The tale of a would-be, could-be romance between two unhappily married, middle-aged people–Austin (Laurence Lau) and Ruth (Barbara Garrick)–never really comes together, due to the constant interruptions from “Sally and Others” and “Jim and Others” at a party which reunites them, many years after they first met on the Isle of Capri, when Austin was stationed with the U.S. Navy.
Though the set-up reminds one even more of Talley’s Folly than of the James’ tale, Later Life never achieves the depth of that earlier play by Lanford Wilson. Instead of being invested in the characters at the center of the drama, Later Life seems more interested in Gurney’s regular theme of being a WASP in these United States–in this case, circa 1993 (when the play premiered)–with references to “squash rackets,” “Prozac,” “Harvard,” “Radcliffe,” “Wellesley”–not to mention George Bush Senior having been replaced by Bill Clinton.
Set on a terrace overlooking Boston Harbor, the play is also dated, now, by references to “DOS,” “Powerbook” and “WordPerfect.” Given such specific terms, what potentially worked with immediacy when it was new has quickly become stale and less effective over time. But Later Life also suffers from a failure to make “Austin from Boston,” or Ruth, anything more than empty vessels. It’s almost as if in emulating James’ characterization of his main character, Gurney channeled him too well. Both as written and portrayed, Ruth is too Waspish cool for us to even care that her offstage husband is an abusive “barbarian” and Austin is too aloof to ever become real.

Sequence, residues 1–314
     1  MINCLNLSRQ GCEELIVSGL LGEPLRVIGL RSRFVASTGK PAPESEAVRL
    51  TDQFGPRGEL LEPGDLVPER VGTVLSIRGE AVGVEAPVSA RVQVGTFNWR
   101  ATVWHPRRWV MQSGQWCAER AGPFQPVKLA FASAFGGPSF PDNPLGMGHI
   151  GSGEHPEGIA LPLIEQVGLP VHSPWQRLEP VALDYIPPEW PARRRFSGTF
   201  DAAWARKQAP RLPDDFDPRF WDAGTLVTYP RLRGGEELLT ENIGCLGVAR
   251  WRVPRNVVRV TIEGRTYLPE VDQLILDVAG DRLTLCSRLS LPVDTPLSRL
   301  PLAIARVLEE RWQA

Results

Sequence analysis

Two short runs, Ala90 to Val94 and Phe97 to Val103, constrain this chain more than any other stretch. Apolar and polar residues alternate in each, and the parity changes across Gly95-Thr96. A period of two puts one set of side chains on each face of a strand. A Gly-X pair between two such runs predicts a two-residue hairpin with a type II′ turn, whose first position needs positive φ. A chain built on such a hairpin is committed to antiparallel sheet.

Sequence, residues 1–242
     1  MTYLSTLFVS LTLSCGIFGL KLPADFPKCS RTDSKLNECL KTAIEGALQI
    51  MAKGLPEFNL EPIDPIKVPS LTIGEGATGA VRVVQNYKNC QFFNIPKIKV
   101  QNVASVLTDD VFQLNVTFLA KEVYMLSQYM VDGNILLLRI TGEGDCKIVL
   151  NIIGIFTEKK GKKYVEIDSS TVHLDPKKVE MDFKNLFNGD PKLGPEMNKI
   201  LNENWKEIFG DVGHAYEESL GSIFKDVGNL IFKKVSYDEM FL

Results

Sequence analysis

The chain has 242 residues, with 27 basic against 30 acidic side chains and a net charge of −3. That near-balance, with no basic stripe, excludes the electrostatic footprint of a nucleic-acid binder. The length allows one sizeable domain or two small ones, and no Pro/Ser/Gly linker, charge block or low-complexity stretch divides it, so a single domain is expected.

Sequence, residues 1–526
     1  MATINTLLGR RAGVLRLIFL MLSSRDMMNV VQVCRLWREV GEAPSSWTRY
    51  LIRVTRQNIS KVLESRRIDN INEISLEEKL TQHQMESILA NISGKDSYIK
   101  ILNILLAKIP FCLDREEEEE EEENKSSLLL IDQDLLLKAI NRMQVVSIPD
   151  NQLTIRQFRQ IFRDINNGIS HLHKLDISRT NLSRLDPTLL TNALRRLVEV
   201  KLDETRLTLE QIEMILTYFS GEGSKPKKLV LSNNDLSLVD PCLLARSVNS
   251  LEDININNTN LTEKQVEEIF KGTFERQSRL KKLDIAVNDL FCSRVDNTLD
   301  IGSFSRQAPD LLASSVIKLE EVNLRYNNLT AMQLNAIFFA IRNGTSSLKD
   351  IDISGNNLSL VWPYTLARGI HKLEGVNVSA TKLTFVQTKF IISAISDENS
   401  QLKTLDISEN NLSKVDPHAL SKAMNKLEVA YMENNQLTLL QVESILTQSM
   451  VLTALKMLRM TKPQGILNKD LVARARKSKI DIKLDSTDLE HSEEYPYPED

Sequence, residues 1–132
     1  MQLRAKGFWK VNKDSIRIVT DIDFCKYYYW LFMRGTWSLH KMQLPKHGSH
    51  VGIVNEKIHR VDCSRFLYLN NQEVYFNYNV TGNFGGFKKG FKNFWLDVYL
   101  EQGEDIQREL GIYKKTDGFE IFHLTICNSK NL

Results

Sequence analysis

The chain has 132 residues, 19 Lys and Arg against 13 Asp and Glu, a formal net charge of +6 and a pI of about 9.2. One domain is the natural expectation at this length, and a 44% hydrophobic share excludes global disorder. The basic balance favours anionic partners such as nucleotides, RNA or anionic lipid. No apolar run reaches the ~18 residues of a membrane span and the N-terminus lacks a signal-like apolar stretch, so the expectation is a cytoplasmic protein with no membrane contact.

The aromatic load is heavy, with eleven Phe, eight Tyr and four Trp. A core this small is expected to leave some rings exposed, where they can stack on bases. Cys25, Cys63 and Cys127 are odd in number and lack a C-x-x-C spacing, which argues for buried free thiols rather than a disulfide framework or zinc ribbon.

Keen Company usually does much better work than this. This production of Later Life has been directed with customary efficiency by Jonathan Silverstein. And although Jodie Markell and Liam Craig play the numerous other partygoers too broadly, Jennifer Paar’s tell-tale costume designs help delineate each and every one of them. It’s all played out on a rather elongated, nondescript set design by Steven Kemp which seems to swallow or dwarf the actors who were already dwarfed by the play itself. The many lights above the terrace, designed by David Lander, do little to illuminate the story.
Later Life (through April 14, 2018)
The Clurman Theatre at Theatre Row, 410 West 42nd Street, in Manhattan
For tickets, call 212-239-6200 or visit http://www.keencompany.org
Running time: 85 minutes without an intermission